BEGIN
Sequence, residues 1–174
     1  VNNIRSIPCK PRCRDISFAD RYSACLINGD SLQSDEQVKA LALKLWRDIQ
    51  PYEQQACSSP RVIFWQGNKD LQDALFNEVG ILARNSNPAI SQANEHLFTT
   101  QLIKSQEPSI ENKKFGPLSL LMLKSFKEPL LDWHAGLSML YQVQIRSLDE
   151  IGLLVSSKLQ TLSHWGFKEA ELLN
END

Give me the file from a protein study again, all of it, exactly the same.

Sequence, residues 1–174
     1  VNNIRSIPCK PRCRDISFAD RYSACLINGD SLQSDEQVKA LALKLWRDIQ
    51  PYEQQACSSP RVIFWQGNKD LQDALFNEVG ILARNSNPAI SQANEHLFTT
   101  QLIKSQEPSI ENKKFGPLSL LMLKSFKEPL LDWHAGLSML YQVQIRSLDE
   151  IGLLVSSKLQ TLSHWGFKEA ELLN